First-time homebuyer purchases falter due to inventory shortage
The number of single-family houses purchased by first-time homebuyers fell year-to-year as 2018 got underway, reversing a trend that has been in place since 2014.
Single-family homes purchased by first-time homebuyers during the fiscal period fell 2% from a year ago to 411,000, according to a recent Genworth Mortgage Insurance report.
The decline "reflects a slowdown in cyclical momentum as the first-time homebuyer market approached its historical norm. It also reflects a shortage of available homes priced at or below the median first-time homebuyer market price of $250,000," said Genworth Chief Economist Tian Liu in a press release.
Sales of homes priced between $250,000 and $300,000 rose 17% year-to-year.
Also total home sales in the first quarter outpaced purchase originations for the first time since the same period in 2012, according to Genworth's analysis of government and proprietary mortgage industry data. Home sales remained stable during the period, while purchase loans dropped 2%.
First-time buyers account for the majority of purchase mortgage originations at 57%, but these entry-level consumers account for just 37% of all homes sold.
All-cash home purchases that occurred without financing and purchase loans made by investors rose 3% year-to-year.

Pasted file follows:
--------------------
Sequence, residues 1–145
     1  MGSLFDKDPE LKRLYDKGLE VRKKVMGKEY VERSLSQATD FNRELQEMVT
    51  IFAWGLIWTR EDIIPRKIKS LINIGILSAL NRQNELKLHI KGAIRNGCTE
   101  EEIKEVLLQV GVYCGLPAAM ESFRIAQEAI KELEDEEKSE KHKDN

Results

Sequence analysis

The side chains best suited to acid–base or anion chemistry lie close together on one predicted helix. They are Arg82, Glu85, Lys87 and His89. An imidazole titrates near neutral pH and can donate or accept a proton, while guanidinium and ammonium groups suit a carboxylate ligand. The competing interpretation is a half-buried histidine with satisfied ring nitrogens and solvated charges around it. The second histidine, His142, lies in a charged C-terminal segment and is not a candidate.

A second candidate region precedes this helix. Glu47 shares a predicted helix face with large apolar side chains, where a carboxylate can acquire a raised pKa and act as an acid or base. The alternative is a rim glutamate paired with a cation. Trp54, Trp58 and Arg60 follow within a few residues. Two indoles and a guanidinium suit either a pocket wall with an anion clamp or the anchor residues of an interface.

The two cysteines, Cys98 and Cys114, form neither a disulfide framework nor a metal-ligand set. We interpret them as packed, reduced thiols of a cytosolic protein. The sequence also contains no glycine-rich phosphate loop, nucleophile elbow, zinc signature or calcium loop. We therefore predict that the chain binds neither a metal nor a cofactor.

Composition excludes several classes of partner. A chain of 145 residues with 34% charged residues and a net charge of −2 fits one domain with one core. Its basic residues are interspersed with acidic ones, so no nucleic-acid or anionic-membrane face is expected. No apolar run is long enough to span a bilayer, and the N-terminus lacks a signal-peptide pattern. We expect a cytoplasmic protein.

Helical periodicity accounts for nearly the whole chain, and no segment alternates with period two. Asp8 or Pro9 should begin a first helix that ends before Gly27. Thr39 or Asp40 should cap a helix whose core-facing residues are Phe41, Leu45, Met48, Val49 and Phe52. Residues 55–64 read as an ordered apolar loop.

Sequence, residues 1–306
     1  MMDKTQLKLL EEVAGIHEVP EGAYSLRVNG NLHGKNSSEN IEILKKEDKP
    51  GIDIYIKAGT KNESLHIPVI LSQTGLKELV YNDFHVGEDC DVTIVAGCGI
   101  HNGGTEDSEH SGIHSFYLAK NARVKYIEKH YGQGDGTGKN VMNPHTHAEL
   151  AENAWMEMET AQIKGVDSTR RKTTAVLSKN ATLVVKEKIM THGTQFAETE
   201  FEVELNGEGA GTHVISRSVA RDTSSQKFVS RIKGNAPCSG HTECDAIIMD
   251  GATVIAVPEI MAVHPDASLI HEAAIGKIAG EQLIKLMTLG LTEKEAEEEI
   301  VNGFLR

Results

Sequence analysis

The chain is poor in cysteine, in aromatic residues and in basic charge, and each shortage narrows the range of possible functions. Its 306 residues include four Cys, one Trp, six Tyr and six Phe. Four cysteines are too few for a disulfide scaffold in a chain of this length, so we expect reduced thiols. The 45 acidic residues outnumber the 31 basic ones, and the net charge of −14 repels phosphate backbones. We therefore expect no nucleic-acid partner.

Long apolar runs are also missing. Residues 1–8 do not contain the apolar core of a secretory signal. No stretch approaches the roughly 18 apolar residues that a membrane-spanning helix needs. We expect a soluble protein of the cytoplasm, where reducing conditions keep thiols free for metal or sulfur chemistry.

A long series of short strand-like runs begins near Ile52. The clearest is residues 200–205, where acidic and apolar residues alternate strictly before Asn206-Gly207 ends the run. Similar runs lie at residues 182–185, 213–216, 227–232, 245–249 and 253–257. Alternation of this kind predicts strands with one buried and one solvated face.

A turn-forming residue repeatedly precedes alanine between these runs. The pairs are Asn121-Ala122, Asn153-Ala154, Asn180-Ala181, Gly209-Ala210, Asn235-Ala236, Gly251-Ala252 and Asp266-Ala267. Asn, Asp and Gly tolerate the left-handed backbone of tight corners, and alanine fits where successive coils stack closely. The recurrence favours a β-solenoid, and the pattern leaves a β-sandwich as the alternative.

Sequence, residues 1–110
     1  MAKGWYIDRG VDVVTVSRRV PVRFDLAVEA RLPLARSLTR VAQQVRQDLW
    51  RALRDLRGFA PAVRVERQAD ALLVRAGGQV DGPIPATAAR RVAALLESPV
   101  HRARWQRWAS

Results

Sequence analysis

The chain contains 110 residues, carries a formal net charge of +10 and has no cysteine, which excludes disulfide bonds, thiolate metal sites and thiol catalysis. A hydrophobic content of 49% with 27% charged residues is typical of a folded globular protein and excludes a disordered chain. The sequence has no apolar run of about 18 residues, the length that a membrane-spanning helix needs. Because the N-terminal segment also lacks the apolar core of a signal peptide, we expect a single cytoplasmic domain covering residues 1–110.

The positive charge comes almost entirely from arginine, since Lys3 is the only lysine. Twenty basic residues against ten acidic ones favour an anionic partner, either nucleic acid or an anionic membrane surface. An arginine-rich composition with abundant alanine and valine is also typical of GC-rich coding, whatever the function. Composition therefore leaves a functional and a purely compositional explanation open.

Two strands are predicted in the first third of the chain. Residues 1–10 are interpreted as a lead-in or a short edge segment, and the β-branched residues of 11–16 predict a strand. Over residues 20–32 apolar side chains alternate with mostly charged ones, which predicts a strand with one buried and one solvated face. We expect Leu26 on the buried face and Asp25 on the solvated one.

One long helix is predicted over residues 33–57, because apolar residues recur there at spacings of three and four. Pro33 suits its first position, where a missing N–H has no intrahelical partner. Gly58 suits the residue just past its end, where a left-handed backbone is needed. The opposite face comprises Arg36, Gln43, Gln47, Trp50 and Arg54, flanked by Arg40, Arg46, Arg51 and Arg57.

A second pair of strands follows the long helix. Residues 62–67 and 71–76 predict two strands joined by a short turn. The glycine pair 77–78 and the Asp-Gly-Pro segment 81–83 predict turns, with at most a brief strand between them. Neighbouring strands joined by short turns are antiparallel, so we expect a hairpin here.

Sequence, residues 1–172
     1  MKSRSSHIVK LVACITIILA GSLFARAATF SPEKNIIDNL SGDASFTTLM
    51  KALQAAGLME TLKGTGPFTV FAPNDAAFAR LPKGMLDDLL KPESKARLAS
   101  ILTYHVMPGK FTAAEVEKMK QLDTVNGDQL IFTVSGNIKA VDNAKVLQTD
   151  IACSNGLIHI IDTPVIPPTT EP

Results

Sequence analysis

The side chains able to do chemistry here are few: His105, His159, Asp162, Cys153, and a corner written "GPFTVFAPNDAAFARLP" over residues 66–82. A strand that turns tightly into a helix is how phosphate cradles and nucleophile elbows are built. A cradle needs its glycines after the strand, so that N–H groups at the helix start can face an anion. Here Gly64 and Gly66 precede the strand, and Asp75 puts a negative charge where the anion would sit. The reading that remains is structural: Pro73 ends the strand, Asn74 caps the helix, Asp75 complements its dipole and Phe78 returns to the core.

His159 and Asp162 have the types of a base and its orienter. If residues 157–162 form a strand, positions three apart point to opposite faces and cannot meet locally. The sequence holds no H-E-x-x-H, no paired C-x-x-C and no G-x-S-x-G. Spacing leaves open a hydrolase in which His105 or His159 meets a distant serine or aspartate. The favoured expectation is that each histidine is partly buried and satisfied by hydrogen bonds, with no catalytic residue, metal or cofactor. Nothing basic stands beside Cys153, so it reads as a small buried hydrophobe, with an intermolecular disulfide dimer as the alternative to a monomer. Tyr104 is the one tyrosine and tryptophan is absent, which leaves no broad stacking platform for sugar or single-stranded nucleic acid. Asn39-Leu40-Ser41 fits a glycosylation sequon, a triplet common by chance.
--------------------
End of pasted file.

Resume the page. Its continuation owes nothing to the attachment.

This suggests that homebuyers may be facing more competition from speculative demand, according to Genworth.
"We believe that the housing market is becoming overheated, which is supported by this quarter's growth of all-cash transactions and purchase loans made by investors, and the corresponding decrease in first-time homebuyers," said Liu.
"It is becoming increasingly common to see multiple offers submitted on a property, which results in purchase prices surpassing listing prices, as well as inflated home prices, making cash offers more coveted.
"Because first-time homebuyers prefer using debt over cash when purchasing a home, this quarter's surge in cash purchases is a competitive disadvantage to them and helps explain their pull-back."